After our last CTD yesterday(1.8.2014) at 8° 26.52 S 66° E we are heading back to the Wall (equator), the North. Unlike in the far North, there won’t be ice and cold weather waiting for us, but still an invisible line where the Coriolis force changes its sign as well the latitude. There we will have a try und flush the toilet. Again the night’s sky will be more familiar to us from the North. I hope the night’s watch will be in favor of us.
As a memory of southern waters, a lot of Portuguese Man-o‘-wars got caught at the CTD. These purple plastic bag lookalikes had to be removed with great care, as a sting could result in serious pain. This CTD was “a deep one” (the ocean was sampled to the bottom), some of us used this opportunity to get a sample bottle from the deep Indian Ocean to take home.
The conference room (Earlier)
To ensure the high quality of the water samples, every person touching the Niskin bottles (that’s where the water is stored at the CTD) has to wear gloves. This is especially important for those who are investigating organic matter. Even the slightest reminiscent of sun screen can mess up the sensitive measurements. In the conference room, back in the Capital, an inventory of all glove stocks was done. Small, Large, X-Large – the count of each size had to be assessed. Luckily more than half way through the cruise, there is still plenty of latex available to serve the sampler’s needs. Neither is our ship yellow nor are we a submarine, but “All you need is (g)love!”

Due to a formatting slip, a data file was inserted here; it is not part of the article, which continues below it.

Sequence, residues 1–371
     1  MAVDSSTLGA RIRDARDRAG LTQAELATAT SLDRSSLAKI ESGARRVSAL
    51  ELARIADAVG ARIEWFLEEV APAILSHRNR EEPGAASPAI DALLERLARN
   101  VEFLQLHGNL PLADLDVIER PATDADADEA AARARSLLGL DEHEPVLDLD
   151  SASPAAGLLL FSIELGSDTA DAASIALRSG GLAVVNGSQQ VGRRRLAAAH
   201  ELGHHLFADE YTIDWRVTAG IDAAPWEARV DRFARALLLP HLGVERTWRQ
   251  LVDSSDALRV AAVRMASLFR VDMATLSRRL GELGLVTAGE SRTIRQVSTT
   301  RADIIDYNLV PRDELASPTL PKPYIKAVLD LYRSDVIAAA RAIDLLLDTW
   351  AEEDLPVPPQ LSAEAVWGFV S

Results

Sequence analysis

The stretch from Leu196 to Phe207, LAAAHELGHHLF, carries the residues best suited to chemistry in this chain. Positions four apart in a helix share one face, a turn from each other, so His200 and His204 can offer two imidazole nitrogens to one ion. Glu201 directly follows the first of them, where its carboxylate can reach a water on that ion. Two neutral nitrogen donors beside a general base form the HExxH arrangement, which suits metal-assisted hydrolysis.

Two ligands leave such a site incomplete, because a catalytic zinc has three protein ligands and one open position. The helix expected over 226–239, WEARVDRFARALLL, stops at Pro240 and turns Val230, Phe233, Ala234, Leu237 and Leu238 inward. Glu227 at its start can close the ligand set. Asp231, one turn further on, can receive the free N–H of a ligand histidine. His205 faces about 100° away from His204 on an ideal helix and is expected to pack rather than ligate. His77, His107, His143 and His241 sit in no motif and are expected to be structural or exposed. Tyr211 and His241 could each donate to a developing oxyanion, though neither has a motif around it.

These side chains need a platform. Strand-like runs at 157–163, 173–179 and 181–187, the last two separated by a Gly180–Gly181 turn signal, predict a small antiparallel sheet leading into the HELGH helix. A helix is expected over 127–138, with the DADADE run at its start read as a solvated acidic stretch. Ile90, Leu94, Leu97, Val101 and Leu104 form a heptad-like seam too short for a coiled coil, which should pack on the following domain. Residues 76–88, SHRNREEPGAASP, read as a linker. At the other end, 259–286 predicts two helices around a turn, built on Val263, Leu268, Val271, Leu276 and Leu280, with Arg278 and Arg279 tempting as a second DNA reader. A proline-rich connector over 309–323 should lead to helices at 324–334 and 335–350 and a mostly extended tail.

The engine is still on fire, we are about to enter the British Indian Ocean Territory (Diego Garcia) and then make our way even further to the North. There will be many more stories to come from my fellow writers. So stay tuned, same time, same station!
by Alex Zavarsky